“The boys also saw mighty herds of buffalo, at that time still a distinctive and marvelous feature of the great Western plains, but now a site that the traveler never sees, as since that day, or since the building of the railroads in that country, these huge and lordly animals have been subjected to a most brutal and greedy slaughter, and completely exterminated. They saw them along nearly the whole route across the plains, especially for several hundred miles along the North Platte River, where the herds were amazingly immense; a single herd sometimes containing countless myriads of individuals, covering the prairie farther than the eye could read. The boys were not skilled hunters, and were not on a buffalo hunt, and found the burly beasts rather shy; but one day they succeeded in killing one, a success by which they were quite elated. The antelope they also found plentiful, and regarded them also as interesting objects on the plain, creatures full of curiosity; when seen nearly always on the watch, and generally careful to keep at a safe distance, though not difficult to stalk when approached unseen and under cover. The boys killed a number, and hence did not have to subsist without fresh meat while on the plains. As the small, thin and pory pelts of the antelope are of little or no value, their extermination is not likely to take place so long as they have any considerable ranges. But the buffalo were noble game, both their flesh and hides being of great value, and so when the railroads were built sportsmen had easy and quick access to their ranges, ready transportation for their booty, and their destruction went on with startling and portentous rapidity. This also greatly incensed the Indians, who saw their hunting-ranges everywhere invaded, and the destruction of their chief means of subsistence going on at an appalling rate.

“The boys arrived at the mining town of Placerville July 16th, having been on the road just four months and one day—a distance now traveled in a few days. They found some of the gold about which they had heard fabulous tales, but they also found that the cost of subsistence was too great to enable them to pile up wealth as fast as they had hoped—and none ever came back East with actual wealth. Nearly all found their way back home inside of two years. When flour cost 45 cents a pound, potatoes 25 cents, ham 50, beef 60, and other expenses were in proportion, unless one had very lucky finds the ‘gold fever’ was quite apt to abate in the course of a few months. Only one nugget was found that was worth as much as sixteen and one-half dollars. After tenaciously digging and washing dirt in search of the yellow stuff more than two years, Jacob concluded he had saved enough of it to dig back home. He proceeded to San Francisco and secured a passage on the Yankee Blade, and Oct. 1, 1854, found him passing through the Golden Gate en route for ‘the dearest spot on earth.’ But fortune ‘shuffles with a random hand, the lots which men are forced to draw.’ The next day the vessel ran on a rock below Point Conception, and his feelings and bright anticipations were suddenly changed. There was a dense fog, and the sea was boisterous. When night came great uneasiness was felt by the many passengers. The wind increased in force, now shrieking as if proclaiming a dreadful fate, now bemoaning in so mournful a tone as if singing a death song, the waves meanwhile breaking fiercely over the deck. It seemed as if the ship must go to pieces at any moment, and a thousand helpless souls aboard sink beneath the lashing waves, ‘with bubbling groan, without a grave, unknell’d, uncoffin’d, and unknown.’ Jacob had given up ever again seeing the dear old folks and sweet home. Next day, however, the staunch vessel was still unimpaired, and the wind and waves had so much abated that a freight boat was able to approach and get her off the rock and tow her back to San Francisco. On the 15th he started for New York on the U. S. mail line by way of Panama, and on the 16th day of November he sang, or whistled, and certainly enjoyed ‘Home again,’ after an absence of two years and eight months, and was entirely cured of the ‘gold fever.’ And he never had a relapse.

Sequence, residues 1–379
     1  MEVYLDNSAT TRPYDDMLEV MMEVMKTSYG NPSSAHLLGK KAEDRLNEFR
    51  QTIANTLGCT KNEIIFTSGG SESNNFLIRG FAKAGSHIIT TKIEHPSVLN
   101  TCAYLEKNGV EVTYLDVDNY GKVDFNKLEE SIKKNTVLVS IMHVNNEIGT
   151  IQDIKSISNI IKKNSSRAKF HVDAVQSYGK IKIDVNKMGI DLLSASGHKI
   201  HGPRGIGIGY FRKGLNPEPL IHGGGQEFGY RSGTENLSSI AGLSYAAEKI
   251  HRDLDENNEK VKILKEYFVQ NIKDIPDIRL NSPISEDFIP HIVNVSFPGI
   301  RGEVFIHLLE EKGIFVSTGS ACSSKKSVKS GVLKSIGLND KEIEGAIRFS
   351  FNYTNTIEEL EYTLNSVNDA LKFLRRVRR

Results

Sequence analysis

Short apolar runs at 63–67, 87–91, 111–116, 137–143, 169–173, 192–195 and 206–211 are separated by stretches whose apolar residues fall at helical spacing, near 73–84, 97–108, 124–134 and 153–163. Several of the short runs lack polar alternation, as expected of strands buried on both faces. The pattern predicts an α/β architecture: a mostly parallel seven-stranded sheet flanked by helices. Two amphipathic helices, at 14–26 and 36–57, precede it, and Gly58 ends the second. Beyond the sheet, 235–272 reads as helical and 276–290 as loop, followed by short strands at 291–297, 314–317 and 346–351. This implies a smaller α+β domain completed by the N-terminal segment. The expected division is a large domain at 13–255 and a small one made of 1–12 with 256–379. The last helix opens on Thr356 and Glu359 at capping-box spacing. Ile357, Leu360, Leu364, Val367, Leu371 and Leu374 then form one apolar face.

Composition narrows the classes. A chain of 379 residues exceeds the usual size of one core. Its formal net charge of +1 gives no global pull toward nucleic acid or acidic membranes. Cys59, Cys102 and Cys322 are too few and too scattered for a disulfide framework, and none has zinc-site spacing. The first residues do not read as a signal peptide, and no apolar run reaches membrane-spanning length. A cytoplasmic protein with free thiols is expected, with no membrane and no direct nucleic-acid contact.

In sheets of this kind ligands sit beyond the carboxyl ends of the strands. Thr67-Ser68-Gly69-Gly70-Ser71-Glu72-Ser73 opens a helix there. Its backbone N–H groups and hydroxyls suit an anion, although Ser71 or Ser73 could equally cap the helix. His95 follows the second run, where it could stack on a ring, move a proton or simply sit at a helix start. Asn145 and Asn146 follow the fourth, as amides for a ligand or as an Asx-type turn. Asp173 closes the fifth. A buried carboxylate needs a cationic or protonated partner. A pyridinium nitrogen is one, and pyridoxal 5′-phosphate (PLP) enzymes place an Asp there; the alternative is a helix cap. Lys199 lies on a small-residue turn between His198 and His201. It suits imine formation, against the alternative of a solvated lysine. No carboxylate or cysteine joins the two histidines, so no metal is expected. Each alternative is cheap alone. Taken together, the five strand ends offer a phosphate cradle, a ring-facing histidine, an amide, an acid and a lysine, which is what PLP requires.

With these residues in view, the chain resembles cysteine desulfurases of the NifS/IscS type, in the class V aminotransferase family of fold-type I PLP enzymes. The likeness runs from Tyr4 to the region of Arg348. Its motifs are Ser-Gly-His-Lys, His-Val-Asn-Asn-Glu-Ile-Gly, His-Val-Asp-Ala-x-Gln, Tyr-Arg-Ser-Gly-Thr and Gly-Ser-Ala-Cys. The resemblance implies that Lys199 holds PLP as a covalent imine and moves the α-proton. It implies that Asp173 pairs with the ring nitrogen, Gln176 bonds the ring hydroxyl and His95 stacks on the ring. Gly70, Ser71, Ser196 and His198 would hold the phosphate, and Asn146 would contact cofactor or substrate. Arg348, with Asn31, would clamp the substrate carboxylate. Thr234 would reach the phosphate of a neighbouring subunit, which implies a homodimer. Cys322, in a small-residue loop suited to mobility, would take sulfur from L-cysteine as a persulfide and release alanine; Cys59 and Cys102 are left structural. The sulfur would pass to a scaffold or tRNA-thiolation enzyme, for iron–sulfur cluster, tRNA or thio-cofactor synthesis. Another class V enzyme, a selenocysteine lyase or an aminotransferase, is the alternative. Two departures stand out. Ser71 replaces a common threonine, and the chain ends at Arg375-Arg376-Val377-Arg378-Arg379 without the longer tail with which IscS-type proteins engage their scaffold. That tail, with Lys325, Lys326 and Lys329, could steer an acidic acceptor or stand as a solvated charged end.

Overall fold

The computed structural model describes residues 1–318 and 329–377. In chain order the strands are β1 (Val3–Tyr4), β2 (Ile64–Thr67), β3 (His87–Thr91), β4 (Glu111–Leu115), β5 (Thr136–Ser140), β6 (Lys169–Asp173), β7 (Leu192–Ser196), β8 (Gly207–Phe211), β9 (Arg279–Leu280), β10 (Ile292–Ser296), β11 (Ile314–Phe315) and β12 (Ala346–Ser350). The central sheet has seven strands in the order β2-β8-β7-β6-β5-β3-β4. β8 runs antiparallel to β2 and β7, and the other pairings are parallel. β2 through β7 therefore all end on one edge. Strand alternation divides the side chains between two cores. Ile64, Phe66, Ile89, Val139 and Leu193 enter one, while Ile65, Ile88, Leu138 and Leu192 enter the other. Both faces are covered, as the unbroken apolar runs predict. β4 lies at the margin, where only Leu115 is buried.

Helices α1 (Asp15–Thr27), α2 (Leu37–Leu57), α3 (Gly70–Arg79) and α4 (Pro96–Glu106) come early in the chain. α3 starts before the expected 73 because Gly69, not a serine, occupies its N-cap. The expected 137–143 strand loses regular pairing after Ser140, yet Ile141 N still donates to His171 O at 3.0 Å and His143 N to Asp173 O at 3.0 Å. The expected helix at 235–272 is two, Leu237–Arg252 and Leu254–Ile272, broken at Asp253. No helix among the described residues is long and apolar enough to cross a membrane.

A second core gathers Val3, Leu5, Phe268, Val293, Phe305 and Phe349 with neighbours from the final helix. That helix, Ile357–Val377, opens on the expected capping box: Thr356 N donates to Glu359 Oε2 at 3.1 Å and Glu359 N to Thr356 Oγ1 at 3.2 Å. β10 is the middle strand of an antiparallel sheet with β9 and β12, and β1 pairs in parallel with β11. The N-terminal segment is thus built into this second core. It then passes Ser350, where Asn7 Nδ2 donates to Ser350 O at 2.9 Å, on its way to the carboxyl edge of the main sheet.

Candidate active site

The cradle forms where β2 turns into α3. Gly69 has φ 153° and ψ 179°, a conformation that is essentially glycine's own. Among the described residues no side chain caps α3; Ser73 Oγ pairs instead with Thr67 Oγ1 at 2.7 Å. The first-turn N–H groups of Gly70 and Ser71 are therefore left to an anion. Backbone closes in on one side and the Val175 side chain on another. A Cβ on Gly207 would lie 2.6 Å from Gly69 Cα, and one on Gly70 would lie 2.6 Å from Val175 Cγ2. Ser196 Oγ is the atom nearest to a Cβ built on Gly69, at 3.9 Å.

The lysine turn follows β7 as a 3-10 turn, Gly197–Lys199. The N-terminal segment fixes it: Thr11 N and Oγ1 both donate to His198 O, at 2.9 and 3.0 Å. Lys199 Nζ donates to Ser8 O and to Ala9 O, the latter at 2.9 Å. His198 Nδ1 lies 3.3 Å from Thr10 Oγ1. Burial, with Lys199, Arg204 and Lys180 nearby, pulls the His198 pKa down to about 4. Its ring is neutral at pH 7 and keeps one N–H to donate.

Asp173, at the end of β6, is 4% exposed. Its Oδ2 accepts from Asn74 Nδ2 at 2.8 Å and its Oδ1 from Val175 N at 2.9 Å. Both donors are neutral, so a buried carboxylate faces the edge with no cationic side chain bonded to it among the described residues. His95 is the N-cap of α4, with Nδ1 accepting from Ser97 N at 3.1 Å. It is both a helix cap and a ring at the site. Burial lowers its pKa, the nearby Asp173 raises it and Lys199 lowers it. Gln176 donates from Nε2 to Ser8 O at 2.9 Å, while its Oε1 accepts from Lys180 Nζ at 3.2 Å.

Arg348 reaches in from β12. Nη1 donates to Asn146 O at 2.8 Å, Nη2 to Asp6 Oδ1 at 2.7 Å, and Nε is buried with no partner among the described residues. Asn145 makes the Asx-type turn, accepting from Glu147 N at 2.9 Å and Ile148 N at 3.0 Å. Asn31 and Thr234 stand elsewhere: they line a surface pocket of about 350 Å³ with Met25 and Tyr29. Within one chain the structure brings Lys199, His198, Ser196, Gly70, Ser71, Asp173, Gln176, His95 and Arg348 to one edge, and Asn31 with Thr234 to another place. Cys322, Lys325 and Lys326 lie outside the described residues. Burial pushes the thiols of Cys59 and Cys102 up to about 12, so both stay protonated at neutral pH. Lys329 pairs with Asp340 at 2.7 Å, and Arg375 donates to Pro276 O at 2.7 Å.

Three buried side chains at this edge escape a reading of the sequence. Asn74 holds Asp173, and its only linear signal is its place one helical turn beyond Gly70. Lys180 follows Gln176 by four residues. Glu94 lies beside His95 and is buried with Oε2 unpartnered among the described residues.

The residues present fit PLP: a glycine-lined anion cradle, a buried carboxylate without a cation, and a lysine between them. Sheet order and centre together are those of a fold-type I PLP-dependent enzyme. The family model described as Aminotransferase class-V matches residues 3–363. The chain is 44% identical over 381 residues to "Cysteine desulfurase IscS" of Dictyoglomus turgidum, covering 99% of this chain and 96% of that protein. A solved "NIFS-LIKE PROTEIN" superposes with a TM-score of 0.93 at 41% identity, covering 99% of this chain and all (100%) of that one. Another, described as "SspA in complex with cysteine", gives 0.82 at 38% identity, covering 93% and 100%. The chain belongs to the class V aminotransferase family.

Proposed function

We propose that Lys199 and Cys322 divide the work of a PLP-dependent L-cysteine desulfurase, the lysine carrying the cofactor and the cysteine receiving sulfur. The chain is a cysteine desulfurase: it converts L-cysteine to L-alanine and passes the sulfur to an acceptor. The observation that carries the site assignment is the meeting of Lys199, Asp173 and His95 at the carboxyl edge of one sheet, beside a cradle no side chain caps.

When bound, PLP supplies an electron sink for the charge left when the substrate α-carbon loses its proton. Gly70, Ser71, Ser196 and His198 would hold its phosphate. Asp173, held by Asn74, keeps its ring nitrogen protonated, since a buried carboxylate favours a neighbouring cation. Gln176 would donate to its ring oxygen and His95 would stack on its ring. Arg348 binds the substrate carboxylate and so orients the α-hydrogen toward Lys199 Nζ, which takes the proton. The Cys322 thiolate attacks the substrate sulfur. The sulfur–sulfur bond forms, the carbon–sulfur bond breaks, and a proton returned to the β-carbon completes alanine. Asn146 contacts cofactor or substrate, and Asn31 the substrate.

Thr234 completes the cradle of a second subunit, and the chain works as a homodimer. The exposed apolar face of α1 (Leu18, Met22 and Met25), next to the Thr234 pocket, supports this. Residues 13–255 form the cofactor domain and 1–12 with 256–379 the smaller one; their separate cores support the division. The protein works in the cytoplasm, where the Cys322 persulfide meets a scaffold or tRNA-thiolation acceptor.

“The ex-gold digger with his savings of the treasured ‘dust’ now bought 80 acres of slightly improved land with a small log cabin on it, situated about two and a half miles north-west of Shelby, O., and began to improve, with axe and spade, and plow and harrow, and now in a way more to his taste and ambition tried to earn some of the gold that bears the stamp of good Uncle Sam. He next gave his heart and hand to Miss Kate Meyers, a very sensible and fortunate venture for him, as in her he found a valuable helper and counselor; and by their combined judgment, frugality, and industry, they have won respect and prosperity. They bought more land from time to time, so that by a policy of expansion—after the manner of Uncle Sam—their farm has increased to 195 acres. Good buildings and the best of farming implements also followed as the fruits of thrift and diligence. They had considerable wet and sterile land, but proper tile draining largely increased its productiveness and value—they thus, as public benefactors, adding to the wealth of the country. Jacob united with the Evangelical Lutheran Church nearly forty years ago, has held all its offices, and has for a long time been elder. Has been a director of the Citizens’ Bank of Shelby from its organization in 1892. About elevens years ago his spine was injured by a piece of timber falling on him while helping to raise a building, which has brought on an infirmity that has greatly abridged his activity and physical enjoyment; but he manifests constant thankfulness for the blessings of life he is still permitted to enjoy, looks on the bright side of things, and says he hopes ‘by the grace of God to pull through all right.’ ” (from Heinrich Gernhardt and His Descendants, pp. 116-121)